Paul's Example of a Worthy Walk

There is an example of this in the life of the Apostle Paul himself. We won't take the time to turn there, but when you have the time, look at Acts, chapter 27, verse 23, where you find the story of Paul being shipwrecked. The people on the ship were about to panic, and Paul knew that if they panicked, they would lose their lives. So he stood up and said to the group, in verse 23 of Acts, chapter 27, “Don't panic, because last night an angel of God, whose I am and whom I serve, appeared to me and told me what to do about this situation.”

Our interest is not so much in the story of the shipwreck, but in the way Paul describes himself. “The angel of God, whose I am and whom I serve.” This is the man who wrote to the Colossians and said, “I pray that you will undertake a walk worthy of the Lord.” That's what it means–to recognize at all times whose we are, and to recognize that because we are His, we serve Him.

I wonder if you and I would be able to describe ourselves with a straight face to a group of strangers in this way–God whose I am and whom I serve. Would our activities, particularly among those who do not know us, but perhaps even among those who do know us, and really significantly among those who know us best, would our activities live up to that kind of a statement? “I belong to the Lord, and I serve Him.” Would we be able to walk worthy of the Lord among those who have an opportunity to observe our lives on a day-to-day basis? Well, that is what Paul was praying for the Colossians, and that is what God's desire is for us.

How do we walk worthy of the Lord Jesus Christ? We have mentioned some phrases that describe that, but thankfully in these verses we have listed for us three factors which are included in walking worthy of the Lord Jesus Christ. I love the way the Word of God not only tells us what we should do, but then over and over again tells us how to go about doing that.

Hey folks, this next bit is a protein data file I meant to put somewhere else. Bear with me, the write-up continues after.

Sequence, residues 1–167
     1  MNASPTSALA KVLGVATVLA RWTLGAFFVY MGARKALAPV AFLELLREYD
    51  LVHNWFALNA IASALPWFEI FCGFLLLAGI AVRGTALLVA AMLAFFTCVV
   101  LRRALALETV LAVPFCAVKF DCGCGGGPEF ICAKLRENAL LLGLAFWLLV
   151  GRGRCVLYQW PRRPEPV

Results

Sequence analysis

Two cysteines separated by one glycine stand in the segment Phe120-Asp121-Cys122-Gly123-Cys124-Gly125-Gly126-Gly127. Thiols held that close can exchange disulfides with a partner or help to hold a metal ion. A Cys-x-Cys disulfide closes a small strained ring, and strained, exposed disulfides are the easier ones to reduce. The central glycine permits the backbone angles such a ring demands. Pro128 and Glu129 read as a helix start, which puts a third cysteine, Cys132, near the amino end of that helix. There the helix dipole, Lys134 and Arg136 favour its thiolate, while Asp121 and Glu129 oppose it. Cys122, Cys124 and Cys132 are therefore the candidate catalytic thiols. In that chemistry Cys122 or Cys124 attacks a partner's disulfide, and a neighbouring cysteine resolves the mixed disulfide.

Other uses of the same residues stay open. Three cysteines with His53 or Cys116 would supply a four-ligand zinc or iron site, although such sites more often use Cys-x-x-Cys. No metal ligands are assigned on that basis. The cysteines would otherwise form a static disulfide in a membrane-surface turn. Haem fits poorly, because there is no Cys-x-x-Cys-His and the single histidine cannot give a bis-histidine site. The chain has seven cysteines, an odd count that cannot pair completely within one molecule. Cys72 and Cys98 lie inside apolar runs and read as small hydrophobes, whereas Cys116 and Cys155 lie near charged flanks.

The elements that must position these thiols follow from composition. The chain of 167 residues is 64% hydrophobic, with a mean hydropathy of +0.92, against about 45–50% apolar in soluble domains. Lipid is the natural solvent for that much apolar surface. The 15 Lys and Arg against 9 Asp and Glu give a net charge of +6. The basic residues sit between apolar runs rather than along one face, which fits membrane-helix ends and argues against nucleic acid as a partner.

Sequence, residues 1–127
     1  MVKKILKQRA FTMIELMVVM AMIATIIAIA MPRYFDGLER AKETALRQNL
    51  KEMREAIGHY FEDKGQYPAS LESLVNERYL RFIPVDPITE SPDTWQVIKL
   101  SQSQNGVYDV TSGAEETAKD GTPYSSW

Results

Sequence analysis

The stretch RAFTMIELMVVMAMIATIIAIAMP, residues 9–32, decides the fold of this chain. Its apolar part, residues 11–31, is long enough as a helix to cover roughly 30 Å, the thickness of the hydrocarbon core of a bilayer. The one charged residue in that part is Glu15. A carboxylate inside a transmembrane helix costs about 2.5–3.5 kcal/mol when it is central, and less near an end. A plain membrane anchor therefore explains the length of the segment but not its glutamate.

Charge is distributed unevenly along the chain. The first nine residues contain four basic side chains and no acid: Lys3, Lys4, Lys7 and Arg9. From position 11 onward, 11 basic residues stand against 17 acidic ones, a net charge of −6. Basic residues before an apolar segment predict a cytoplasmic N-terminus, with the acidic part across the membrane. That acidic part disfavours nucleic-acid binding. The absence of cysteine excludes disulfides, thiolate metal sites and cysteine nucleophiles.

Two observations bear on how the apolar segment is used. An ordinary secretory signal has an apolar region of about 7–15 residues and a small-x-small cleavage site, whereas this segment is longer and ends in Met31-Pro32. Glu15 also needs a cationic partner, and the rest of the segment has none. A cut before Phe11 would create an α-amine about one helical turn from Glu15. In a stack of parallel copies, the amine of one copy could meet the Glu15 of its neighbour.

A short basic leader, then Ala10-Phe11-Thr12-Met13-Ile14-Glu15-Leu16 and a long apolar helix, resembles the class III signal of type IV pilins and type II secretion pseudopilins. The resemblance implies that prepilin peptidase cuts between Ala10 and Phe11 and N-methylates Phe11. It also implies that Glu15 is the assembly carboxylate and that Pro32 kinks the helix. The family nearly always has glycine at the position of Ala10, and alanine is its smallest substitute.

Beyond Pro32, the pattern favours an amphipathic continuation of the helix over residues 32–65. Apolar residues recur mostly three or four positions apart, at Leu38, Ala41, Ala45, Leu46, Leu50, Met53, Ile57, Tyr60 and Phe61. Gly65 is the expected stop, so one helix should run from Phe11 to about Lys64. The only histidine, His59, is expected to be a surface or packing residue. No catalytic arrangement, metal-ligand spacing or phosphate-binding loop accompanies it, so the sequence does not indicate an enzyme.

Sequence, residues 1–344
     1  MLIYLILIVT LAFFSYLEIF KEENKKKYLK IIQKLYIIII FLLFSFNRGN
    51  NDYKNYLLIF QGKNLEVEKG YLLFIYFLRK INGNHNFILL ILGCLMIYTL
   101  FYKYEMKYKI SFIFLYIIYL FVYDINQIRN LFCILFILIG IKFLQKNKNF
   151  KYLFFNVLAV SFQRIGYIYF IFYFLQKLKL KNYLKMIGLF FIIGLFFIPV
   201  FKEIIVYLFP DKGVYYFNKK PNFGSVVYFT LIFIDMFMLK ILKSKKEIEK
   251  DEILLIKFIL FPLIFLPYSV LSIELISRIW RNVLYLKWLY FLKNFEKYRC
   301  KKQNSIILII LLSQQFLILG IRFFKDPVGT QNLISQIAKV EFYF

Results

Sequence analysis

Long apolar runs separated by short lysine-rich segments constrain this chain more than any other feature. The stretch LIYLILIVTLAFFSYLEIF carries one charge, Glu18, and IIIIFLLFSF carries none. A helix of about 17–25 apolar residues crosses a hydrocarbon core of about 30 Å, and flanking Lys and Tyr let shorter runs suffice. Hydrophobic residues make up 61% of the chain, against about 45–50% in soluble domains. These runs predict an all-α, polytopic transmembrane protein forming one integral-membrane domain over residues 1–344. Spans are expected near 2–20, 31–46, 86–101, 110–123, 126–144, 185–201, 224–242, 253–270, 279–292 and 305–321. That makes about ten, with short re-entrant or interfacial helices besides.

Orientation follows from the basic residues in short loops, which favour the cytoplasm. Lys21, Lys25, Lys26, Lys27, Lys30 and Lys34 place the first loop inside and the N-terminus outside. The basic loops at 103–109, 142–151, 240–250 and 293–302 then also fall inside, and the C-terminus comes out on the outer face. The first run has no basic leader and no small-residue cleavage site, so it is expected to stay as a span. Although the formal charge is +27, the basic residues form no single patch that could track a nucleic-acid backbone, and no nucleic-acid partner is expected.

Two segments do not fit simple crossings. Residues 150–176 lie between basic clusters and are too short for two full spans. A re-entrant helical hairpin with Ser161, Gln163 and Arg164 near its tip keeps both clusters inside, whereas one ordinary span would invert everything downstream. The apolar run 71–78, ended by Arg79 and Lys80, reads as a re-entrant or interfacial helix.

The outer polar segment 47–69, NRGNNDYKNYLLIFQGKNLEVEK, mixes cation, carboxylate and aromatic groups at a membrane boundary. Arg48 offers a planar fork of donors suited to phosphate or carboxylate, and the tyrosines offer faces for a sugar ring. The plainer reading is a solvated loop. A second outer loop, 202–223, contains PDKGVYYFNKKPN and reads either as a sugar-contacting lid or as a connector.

It tells us we should walk worthy of God. That's God's desire. It tells us we should walk worthy of the Lord Jesus Christ. Now, how do we do that? Let's notice three factors here, beginning in verse 10:

Colossians 1

10That ye might walk worthy of the Lord unto all pleasing, being fruitful in every good work…

Here is the first one: being fruitful in every good work. How do we walk worthy of the Lord Jesus Christ? By being fruitful in every good work.

Increasing In the Knowledge of God

Someone may say, “Well, that doesn't tell me much. That is another catch phrase–being fruitful. How do I do that?” The verse goes on to tell us. Notice the next line in verse 10:

Colossians 1

10…and increasing in the knowledge of God;

Increasing in the knowledge of God . Our translation in the King James text is not quite as clear as it could be. It does not completely reflect the wording of the text in the Greek, because we have here in verse 10, the form in which the word increasing is written in the Greek. It would enable us to translate it increasing by means of the knowledge of God . Putting all of that together, what we have here is that the secret to being fruitful is to learn the Word of God and to do it. “Being fruitful in every good work and increasing in the knowledge of God.” You see, the better you and I know the Lord Jesus Christ, the better we know the Word of God. As it reveals the Lord Jesus Christ, the more fruitful we are going to be. It is as simple as that.